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Wystan At 1:00 AM

By Jack R. Noel

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Copyright Jack R. Noel 2001

Catching the movement of shadow along the wall behind my desk, I turned from my iMac’s keyboard and saw a man standing over me. I flinched like a rabbit stung by rattler’s fangs. There’d been no sounds save for clicking of my keyboard, I could see the chain was still on the door. I live on the top floor, there are no balconies or fire escapes outside this rectangular tower I live in. Helpless in my seat, I asked nervously, pointedly, “What do you want?”

He didn’t seem to notice me at first, he was staring over me toward the broad window that overlooks the tree covered residences west of my building. I looked out, but saw only a few street lights below and above them there was nothing but night’s black wall with pin-point stars splattered thinly over the night soot. There was nothing out there that you wouldn’t expect at 1:00 AM in the middle of September. Inside; that was another matter.

I looked at him and saw he was wearing a wool men’s jacket, probably tweed, though I wasn’t sure. It was light brown, the elbows had leather patches and the lapel and tailoring made me think he must have gotten it from the Salvation Army. It’s style was very old, of the kind I’d seen in movies from the 1930s. His shirt was white starched cotton, open at the collar. His clothes were coordinated; his trousers were matching dyed wool and his shoes were brown leather, well used. I could see the layering of leather in the soles, a sight simply not seen in this age of plastic footwear.

But his face was smooth and young, with the same cast of combined intensity and intelligence that I see on many faces when I walk the campus of the University of Michigan. This was no Salvation Army beneficiary, this was not a street person wandered in from Liberty Square. A possibility began to creep up on me, making the hair on my arms and neck stiffen. Just then he said, “Thank you.”

Certainty fell on my like a cold blanket dropping from the ceiling onto my shoulders. I ventured, “Stan, what’re you doing here and why thank me so long after your death?”

“Because it’s the same,” he said, still looking over my head. There was a delay and a distance in his voice, as if he were a long way from here, in a place I didn’t want to visit quite yet.

“The same as what... Stan?” I asked, working the words through my constricted throat.

“The same now as then...” he offered enigmatically.

“The same as when?” I asked, not really wanting to know. I wanted this to be over, I wanted him to disappear like a transient cerebral event. But my instinctive conversational response had tripped me up. I’d asked the question.

“The same as midnight,” the young apparition replied, scaring me more and hooking me into another question.

Seeing no alternative, I asked, “You mean midnight in the bar?”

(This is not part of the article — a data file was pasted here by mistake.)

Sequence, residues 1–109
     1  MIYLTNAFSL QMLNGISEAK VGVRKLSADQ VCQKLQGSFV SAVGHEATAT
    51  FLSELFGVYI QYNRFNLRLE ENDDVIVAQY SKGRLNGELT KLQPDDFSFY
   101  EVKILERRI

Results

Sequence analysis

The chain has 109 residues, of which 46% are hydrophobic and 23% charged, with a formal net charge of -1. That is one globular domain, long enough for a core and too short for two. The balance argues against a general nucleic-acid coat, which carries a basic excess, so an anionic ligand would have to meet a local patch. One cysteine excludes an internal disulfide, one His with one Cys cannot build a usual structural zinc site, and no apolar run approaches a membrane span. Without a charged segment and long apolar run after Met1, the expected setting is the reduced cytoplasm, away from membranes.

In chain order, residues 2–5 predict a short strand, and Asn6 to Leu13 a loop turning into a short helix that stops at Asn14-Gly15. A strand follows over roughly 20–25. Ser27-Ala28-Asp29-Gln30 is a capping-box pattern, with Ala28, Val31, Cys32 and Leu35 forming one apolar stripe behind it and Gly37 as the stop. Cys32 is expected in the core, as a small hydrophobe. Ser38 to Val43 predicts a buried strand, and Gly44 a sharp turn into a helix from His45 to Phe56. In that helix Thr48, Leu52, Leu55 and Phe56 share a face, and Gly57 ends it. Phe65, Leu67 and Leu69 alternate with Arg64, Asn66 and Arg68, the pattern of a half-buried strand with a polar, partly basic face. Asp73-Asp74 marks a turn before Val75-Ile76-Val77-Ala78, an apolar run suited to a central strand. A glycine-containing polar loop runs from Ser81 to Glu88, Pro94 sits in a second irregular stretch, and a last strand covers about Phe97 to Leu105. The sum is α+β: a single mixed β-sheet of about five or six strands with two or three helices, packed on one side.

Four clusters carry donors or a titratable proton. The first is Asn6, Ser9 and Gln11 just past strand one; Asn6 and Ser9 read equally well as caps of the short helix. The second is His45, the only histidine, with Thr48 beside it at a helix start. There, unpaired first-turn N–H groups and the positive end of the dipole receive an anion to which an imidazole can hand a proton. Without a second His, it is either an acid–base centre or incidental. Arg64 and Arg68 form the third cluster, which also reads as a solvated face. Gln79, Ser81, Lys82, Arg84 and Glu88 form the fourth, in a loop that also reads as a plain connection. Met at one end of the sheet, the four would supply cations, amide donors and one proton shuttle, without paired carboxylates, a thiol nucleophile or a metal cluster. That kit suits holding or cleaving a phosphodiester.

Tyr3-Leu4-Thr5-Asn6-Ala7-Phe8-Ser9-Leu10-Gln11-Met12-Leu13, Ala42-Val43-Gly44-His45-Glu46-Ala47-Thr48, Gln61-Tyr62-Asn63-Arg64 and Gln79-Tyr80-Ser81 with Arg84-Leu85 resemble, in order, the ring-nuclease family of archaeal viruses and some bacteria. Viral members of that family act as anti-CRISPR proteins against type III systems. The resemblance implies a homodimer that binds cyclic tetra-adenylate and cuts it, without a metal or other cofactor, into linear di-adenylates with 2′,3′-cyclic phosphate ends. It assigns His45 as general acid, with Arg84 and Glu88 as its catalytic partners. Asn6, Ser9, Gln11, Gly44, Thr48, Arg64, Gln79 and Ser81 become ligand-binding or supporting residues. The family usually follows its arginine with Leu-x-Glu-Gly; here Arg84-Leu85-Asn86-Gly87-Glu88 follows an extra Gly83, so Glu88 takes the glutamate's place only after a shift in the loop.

“Right, in the dive, at midnight. I see...”

“No..., Outside..., In the World.” he intoned into the night on the other side of my window.

There was a few seconds pause, then he said, “Thank you...,”

“No, no, please don’t say that,” I begged, “Please don’t say that!” Real tears began brimming in my eyes.

“You sent the poem,” Auden said.

“Yes, yes, I sent your poem, September first, nineteen thirty-nine. I sent it, using this. I sent it to everyone on my address list, electronically, instantly,” I told him as I put my hand on the ruby colored plastic shell of the computer.

He was still gazing at the black infinity outside, oblivious to my gesture and the computer.

I went on, insisting, “But it’s not the same, this is September of the year 2001. Everything has changed. Everything, the world is not what it was in 1939.”

“As the clever hopes expire
Of a low dishonest decade:
Waves of anger and fear
Circulate over the bright
And darkened lands of the earth,
Obsessing our private lives;
The unmentionable odour of death
Offends the September night,”
he announced.

Memories of the past week flashed through my mind; images of brutal destruction and mass murder, the aftermath, ash covered dead and the living like survivors staggering out of Pompeii, the shocked knowing that primitive madmen stalked us and easily killed us in our gleaming armor. The people of the city, unable to work in their offices nearby, people moving from their homes because the unmentionable odor of death offends the September night for a mile around.

I began crying then, sobbing, as helpless to stop as I had been as a teenager on that day when I sat beside my twelve year-old sister’s casket with the rest of my family. The implacable, unstoppable killer then had been cancer. But now the killer of innocents had many faces, human faces, but was just as merciless. These new dead were six hundred miles away, out there in the World, yet as close as my sister’s casket will always be to me.

I bent over, clutching myself in grief as he continued, his voice as relentless as the wheeling galaxies above,

“Accurate scholarship can
Unearth the whole offence
From Luther until now
That has driven a culture mad,
Find what occurred at Linz,
What huge imago made
A psychopathic god:
I and the public know
What all schoolchildren learn,
Those to whom evil is done
Do evil in return,”
he recited.

I’m smart enough to understand the meaning of what he said, but at that moment I only wanted to stop the pain of grief clenching on me from the past and present. I laughed as I said, “Oh, yeah, accurate scholarship unearths quite a lot... let’s nuke ‘em all.”

This was a mistake, partly based on a certainty that my God would swing His terrible swift sword against our enemies. But this emissary from Beyond was about to show me the other edge of that sword.

“Exiled Thucydides knew
All that a speech can say
About Democracy,
And what dictators do,
The elderly rubbish they talk
To an apathetic grave;
Analysed all in his book,
The enlightenment driven away,
The habit-forming pain,
Mismanagement and grief:
We must suffer them all again.

Into this neutral air
Where blind skyscrapers use
Their full height to proclaim
The strength of Collective Man,
Each language pours its vain
Competitive excuse:
But who can live for long
In an euphoric dream;
Out of the mirror they stare,
Imperialism's face
And the international wrong,”
Auden said.

Who was Thucydides? I don’t know, but it seems to me he must have been like two other philosopher poets; the one who was forced to drink hemlock poison by the civil authorities and the other who was banished by his emperor -- both for insisting on broadcasting the Truth. But Wystan Hugh Auden is beyond the reach of civil authorities or even emperors. He was certainly beyond my control as I sat rocking myself with salt stains on my cheeks.